THE REMOTE COMMUNITY HEALTH OF NORTHERN UGANDA
This is probably the first ever not-for-profit organization established for the remote communities in Northern Uganda which is focusing on relieving people from the risks of preventable illnesses/morbidity and deaths/mortality. The Northern part of Uganda has suffered a great deal from the impact of four military incursions including those of three military coups and armed conflicts headed by Alice Lakwena and Joseph Kony/LRA. The outcomes and impacts of those upheavals were registered as the establishment of many internally displaced communities, the uncontrollable spread of communicable diseases such as sexually transmitted infections including Human Immunodeficiency Virus(HIV), tuberculosis and skin diseases. Due to the poor social and environmental conditions that were favorable to other diseases the camps were infested with malaria, pneumonia, diarrhea, intestinal parasites, all types of wounds and eye infections. However among children there were more of malnutrition, kwashiorkor and marasmus.
Kids with malnutrition
Children with kwashiokor
A kid with marasmus
The John Bosco Odongo Health Foundation hopes to overhaul the health system completely in the targeted part of Northern Uganda by providing a model community health center and experienced volunteer health professionals to work and provide fee healthservices to the affected population. Since the service will be free-of-charge and there will also be comprehensive health promotion activities the population will be more prepared to make positive changes in their lifestyle including behaviour changes to avoid contracting preventable diseases.
PERSONAL EXPERIENCES WITH THE HEALTH SERVICES IN UGANDA
One may not expect what I am about to tell you about the health services in Uganda to be true, but my personal experiences do unfortunately confirm it. The government of Uganda health divided the health services into five sections namely district hospital, health center four, health senter three, health center two and health center one. The striking thing is that nearly every health service has problems with committed staffing, lack of drugs, inadequate equipment and high rate of corruption practices at every level. In addition the poor access to government health services has been promoted by the practice of coruption, high cost to poor patients, poor management and lack of accountability and responsibility by health service workers.
A few years a go I took my two sisters for reprodcutive health treatment at Mulago hospital, a procedure that would make them not produce children any more, and one of the doctors asked me to go and buy an anesthetic medication and bring to him to use as local anesthesia on my two sisters. However I went and bought the anesthetic drug and gve themto him but he never used them on my sisters. The doctor used the anesthetic drug on other women who privately paid some exorbitant money for the similar surgery. It then happened that contrary to the medical ethics and practice the doctor performed surgery on my two sisters without the use of any anesthetic according to my two sisters and they confessed tha they thought they were going to die from shock as the pain cause by the cutting through their flesh were unbearable indeed as they cried in pain but the doctor just continued with the operation. The procedure was even made worse when the doctor never gave them any pain killer and told them to go and buy some at the pharmacy.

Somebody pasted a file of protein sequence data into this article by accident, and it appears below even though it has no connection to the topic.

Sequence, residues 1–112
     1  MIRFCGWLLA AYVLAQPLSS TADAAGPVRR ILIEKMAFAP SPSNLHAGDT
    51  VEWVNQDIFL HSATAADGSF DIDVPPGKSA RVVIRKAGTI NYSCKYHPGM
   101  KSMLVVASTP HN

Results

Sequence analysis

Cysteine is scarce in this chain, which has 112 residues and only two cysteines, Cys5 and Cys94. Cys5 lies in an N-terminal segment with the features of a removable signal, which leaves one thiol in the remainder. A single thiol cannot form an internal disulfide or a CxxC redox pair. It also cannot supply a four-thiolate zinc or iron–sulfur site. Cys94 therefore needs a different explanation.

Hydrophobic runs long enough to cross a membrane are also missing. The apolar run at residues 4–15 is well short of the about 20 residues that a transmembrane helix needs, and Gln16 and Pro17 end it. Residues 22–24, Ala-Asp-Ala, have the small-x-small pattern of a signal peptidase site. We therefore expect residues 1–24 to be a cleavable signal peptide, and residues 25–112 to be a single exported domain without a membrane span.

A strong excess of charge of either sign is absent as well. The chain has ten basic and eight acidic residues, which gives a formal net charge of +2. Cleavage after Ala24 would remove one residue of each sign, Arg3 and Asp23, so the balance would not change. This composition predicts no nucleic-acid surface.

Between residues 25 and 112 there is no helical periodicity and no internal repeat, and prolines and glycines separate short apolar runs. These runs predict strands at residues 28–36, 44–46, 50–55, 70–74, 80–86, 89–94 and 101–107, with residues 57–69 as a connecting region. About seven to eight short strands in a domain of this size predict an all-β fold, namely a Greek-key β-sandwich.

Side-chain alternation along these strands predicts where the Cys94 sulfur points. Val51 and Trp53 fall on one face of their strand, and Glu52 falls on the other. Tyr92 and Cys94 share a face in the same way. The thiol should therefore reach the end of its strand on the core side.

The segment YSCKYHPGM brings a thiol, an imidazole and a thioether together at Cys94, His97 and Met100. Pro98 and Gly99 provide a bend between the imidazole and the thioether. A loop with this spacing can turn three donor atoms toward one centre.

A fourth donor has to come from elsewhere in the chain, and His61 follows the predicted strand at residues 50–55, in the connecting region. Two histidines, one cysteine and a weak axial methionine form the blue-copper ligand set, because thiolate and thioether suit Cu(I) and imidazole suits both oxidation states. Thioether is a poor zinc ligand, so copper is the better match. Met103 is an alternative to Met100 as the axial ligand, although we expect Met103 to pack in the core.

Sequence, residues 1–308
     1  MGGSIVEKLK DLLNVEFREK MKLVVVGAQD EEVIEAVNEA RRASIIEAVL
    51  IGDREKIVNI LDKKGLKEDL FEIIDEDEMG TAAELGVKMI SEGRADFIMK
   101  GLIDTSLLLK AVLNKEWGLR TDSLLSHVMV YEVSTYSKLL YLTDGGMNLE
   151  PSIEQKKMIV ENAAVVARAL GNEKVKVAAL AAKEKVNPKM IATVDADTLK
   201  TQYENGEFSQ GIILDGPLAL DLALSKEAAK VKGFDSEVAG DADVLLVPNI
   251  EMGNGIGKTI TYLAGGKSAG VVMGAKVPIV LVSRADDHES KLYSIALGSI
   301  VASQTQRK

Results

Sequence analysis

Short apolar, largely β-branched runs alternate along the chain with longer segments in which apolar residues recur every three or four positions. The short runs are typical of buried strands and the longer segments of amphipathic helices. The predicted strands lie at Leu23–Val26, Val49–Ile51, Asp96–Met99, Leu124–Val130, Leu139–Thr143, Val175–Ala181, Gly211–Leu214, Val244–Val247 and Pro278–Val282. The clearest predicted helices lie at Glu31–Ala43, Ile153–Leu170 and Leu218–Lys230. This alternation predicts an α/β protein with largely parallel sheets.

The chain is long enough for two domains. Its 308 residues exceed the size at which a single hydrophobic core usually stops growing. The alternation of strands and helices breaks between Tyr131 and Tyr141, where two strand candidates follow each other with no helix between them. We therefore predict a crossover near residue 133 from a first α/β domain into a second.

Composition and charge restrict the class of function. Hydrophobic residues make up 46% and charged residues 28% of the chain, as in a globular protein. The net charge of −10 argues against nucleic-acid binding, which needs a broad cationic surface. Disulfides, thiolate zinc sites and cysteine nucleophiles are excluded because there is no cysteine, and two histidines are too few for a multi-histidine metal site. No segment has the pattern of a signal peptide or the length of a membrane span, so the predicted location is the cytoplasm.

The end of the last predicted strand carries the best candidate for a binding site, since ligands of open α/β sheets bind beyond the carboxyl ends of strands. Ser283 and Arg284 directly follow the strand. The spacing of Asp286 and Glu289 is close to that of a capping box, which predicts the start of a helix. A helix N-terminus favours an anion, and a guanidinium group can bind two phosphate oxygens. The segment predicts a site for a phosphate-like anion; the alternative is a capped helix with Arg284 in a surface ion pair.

Furthermore during my visit to my village home where my parents live without the supply of electricity, some iron sheets that were stored inside the house accidentally cut my head close to the fore head. I was able to get an emergency treatment from a priest residing in a nearby mission. The following day I managed to go to a district hospital some distance away and on arrival there I met a doctor in-charge of the hospital and explained my situation to him. The doctor never even bothered to check the wound and did not offer me any anti tetanus or antibiotic for treating the wound. A nurse who was nearby pleaded with the doctor to assist me but in vain. I then left for Kampala capital city and went straight to Mulago hospital, a national referral hospital, to see if I could get better treatment for the wound on my head. While at the casualty or emergency department a doctor on duty examined me and prescribed some medication which were to be given to me at the same place by a nurse.
Mulago National Referral Hospital In Kampala
When I gave the prescription sheet to the nurse she declined to help me and told me that there were no medicines at the time. I then reported back to the prescribing doctor what the nurse had told me. The doctor then accompanied me to the nurse and instructed her to give me the medications or he would not return to his examination room. The stand off ensued for sometime until the nurse gave in to the order. Afterwords the nurse unwillingly offered me some wound cleaning and dressing, but I could see on her face that she was not happy to carry on with the tasks on me. The services at the hospital was free and I guess the nurse wanted some kickbacks from me before she could give me any nursing services or the prescribed medications.
The behaviour of the nurse at the emergency department in Mulago referral hospital is typical of what one expects from all or most of the other public health services in Uganda and it is one of the bad health practices that The John Bosco Odongo Health Foundation plans to reverse and address once the planned model community health center is constructed and becomes operational in Northern Uganda.